Choose the Right Houseplants so They Thrive in Your Space

Tempted to buy a new houseplant, but your track record predicts it’ll be dead in a month? Well, I’m here to tell you that there’s no such thing as a “black thumb.” You’re probably just forgetting one important thing.


And by that, I don’t mean just read the little card that’s stuck in the plant’s pot. Those cards say things like “Medium Light,” which actually isn’t helpful at all. That’s why a new plant shouldn’t be an impulse buy. You’ve got to know what you are getting into in terms of a plant’s lighting requirements, water needs, and more.

So, instead of picking a plant you haven’t read much about yet and then bringing it home and figuring out where it will be happy, consider doing the opposite. Choose a space first, then pick a plant suited to that space.

Start with lighting requirements and then narrow your choices.

First, think about the space and the available lighting there. Then, research plants online that need that amount of light. It’s important to know that some plants like bright afternoon sun whereas that level of light could be too much for others.

Once you’ve got your selection down to a few contenders, check their requirements for the following:

  • Watering, both frequency and amount. And here’s a PSA on this one: cacti, succulents, and air plants do need water (contrary to what someone said once that led everyone to believe that they get all the moisture they need from the air for their entire lives). Some plants also prefer higher humidity, so if you’re looking for a plant for your bathroom, those could be a great match. If they’ll be living elsewhere and need extra humidity, a mister, spray bottle, or bowl of water nearby can do it.
  • Transplanting. Plants usually need to be replanted eventually. Some actually like living with their roots in tight spaces for while, whereas others don’t. Looking into this information will also tell you how large the plant could get, which, when you are highly successful in keeping it alive, it will be good to know whether you can expect it to become a monster.
  • Fertilizing. This is an easy part to forget, but it’s also a really easy thing to do. Your plant can’t get some of the nutrients that it would normally get if it lived outside in its natural environment, so at certain times of the year you may need to help it out with some store-bought fertilizer.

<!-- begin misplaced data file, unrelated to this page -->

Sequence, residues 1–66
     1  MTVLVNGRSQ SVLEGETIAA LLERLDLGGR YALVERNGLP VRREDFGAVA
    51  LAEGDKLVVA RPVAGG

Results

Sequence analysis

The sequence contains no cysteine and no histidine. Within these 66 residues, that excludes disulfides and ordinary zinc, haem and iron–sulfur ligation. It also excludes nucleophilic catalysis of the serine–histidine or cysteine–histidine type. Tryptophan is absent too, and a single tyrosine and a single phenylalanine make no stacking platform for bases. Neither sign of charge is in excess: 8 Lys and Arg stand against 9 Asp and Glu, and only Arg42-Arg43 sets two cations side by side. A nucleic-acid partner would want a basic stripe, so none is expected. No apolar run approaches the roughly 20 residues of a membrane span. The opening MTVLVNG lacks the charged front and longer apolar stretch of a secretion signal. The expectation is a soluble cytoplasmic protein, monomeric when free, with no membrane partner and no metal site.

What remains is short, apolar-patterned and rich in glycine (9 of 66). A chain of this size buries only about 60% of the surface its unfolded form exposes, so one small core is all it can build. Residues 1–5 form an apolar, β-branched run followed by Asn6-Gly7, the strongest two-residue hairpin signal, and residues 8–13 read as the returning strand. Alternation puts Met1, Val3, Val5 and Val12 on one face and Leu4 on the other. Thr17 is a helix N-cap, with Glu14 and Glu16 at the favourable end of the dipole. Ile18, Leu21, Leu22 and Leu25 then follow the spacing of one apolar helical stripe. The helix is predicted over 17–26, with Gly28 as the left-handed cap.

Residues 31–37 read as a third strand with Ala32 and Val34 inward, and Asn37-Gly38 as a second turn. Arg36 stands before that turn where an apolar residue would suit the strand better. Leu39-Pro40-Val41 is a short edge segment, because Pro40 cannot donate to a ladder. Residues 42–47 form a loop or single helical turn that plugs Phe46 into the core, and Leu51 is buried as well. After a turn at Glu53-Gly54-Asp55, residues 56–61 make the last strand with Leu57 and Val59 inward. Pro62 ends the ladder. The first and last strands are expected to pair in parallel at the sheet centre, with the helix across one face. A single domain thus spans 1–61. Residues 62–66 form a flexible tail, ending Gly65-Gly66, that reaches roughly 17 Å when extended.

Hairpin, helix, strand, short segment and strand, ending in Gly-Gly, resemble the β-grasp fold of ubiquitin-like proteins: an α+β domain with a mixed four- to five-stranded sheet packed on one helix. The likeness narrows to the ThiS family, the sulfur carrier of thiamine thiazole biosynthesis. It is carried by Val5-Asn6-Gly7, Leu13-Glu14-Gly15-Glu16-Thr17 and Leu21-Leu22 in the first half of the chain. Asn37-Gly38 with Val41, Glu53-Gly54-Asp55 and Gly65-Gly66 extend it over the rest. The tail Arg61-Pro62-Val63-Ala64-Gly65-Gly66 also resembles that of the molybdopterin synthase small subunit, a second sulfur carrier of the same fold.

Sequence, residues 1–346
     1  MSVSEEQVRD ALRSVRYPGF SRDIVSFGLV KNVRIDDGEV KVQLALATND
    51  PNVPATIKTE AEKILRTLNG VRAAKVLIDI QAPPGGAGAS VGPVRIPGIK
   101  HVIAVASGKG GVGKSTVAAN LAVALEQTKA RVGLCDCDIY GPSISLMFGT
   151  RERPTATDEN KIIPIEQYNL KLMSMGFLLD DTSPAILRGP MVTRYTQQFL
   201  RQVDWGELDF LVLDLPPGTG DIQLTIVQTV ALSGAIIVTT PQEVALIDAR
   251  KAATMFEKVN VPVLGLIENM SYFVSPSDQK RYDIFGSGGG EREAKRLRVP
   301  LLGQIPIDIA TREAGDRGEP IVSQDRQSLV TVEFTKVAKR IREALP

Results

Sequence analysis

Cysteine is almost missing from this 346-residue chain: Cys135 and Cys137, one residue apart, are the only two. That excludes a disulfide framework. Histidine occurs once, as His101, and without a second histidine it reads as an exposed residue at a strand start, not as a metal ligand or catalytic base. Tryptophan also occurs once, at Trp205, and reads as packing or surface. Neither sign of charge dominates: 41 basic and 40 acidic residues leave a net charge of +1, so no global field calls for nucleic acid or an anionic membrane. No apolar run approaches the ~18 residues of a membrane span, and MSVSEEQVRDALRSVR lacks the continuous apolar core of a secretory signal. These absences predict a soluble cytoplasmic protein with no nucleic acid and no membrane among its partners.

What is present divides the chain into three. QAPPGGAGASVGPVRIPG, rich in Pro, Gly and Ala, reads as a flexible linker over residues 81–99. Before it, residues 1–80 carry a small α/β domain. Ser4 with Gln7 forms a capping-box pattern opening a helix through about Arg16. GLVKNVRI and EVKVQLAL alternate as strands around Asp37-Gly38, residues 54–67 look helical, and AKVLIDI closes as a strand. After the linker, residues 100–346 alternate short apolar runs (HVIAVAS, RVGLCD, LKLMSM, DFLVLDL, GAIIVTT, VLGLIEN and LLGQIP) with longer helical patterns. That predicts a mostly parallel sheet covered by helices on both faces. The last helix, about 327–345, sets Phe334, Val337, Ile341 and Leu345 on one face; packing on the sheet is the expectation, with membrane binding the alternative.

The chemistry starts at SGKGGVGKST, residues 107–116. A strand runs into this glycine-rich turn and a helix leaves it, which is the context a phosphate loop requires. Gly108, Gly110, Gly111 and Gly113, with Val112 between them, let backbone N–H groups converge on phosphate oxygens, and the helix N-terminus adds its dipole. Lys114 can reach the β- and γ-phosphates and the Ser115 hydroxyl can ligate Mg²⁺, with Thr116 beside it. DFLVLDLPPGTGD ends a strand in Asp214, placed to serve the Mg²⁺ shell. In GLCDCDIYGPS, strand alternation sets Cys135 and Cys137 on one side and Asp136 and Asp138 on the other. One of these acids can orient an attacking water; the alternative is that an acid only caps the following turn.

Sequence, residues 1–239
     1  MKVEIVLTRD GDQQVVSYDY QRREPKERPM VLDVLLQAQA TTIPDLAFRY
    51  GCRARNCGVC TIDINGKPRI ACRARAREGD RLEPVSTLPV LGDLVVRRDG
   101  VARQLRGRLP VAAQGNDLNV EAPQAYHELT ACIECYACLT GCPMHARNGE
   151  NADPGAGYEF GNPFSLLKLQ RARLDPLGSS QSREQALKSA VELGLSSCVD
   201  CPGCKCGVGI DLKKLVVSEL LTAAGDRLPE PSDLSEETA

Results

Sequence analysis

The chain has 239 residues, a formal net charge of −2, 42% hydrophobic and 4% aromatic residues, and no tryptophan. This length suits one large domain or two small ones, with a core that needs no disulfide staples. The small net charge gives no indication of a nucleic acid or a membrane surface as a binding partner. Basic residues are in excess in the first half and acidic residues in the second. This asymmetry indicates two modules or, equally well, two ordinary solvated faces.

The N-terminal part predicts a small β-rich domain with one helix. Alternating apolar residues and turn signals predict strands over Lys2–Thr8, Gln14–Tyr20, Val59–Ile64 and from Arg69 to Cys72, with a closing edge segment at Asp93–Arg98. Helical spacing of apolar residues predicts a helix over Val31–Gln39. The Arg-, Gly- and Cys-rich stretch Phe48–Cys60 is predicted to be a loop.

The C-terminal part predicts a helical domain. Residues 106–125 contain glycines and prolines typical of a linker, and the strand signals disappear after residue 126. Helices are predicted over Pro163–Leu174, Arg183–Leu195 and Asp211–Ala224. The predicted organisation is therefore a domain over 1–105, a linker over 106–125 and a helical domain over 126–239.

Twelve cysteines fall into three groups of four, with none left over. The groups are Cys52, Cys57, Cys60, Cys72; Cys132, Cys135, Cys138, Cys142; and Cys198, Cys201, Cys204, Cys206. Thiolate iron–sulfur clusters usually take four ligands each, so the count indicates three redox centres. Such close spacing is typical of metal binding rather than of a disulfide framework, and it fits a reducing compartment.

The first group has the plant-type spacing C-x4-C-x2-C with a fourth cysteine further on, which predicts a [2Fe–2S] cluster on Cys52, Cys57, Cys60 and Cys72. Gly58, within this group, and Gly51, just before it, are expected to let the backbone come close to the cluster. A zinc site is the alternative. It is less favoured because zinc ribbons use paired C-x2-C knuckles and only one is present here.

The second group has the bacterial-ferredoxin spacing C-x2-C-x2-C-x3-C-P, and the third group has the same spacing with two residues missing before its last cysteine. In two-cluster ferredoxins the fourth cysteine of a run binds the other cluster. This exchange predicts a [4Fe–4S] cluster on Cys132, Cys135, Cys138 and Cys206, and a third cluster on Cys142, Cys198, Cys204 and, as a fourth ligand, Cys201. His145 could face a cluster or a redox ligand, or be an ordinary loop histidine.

• Pet toxicity. Some plants are deadly or dangerous if ingested. The ASPCA has a database here.

My husband says I have two green thumbs. The truth is, I’m an avid researcher, so I bring a new plant home only when I know I’ll be able to give it what it needs.

And sure, some plants are just temperamental. Here are a few that I would consider to be “easy care“ if they get the resources they need. (Just note that some of those I mention below are toxic to pets.)

Shade/low light:

  • Pothos
  • Bromeliad
  • Peace lily

Some sun or bright indirect light

  • Baby bunny bellies
  • African violets
  • Spider plant
  • Prayer plant

Bright sun:

  • String of bananas and string of pearls
  • Succulents
  • Hibiscus
  • Monstera

Many plants that like or tolerate bright sun can still scorch in intense afternoon sun, so a translucent shade or sheer curtain may be helpful.

Dollar Store Fall Mum Wreath

I’m always ready for a little fall decor come September. Not necessarily all the pumpkins yet, but I like to start bringing in some fall colors to ease into the season. This wreath was a quick project to brighten up my fireplace, and it cost me less than $10.

Patriotic Wreath DIY

This DIY patriotic wreath is vibrant, inexpensive, and easy to make. I made this ribbon wreath to hang from Memorial Day through the 4th of July, but I liked it so much on my front door that I left it there for most of the summer. I bought my ribbon at Michael’s, but you can… More

Christmas Tree Shelf DIY

Wood Christmas Tree Shelf DIY

A few weeks before Christmas, I decided to make this wood Christmas tree-shaped shelf by Ana White. I would consider myself a beginner in woodworking, and right around the time I started working on the angled cuts with the chop saw, I firmly agreed that “Intermediate,” as the project tagged is tagged, is definitely appropriate.… More

Leave a Reply

Fill in your details below or click an icon to log in: Logo

You are commenting using your account. Log Out /  Change )

Twitter picture

You are commenting using your Twitter account. Log Out /  Change )

Facebook photo

You are commenting using your Facebook account. Log Out /  Change )

Connecting to %s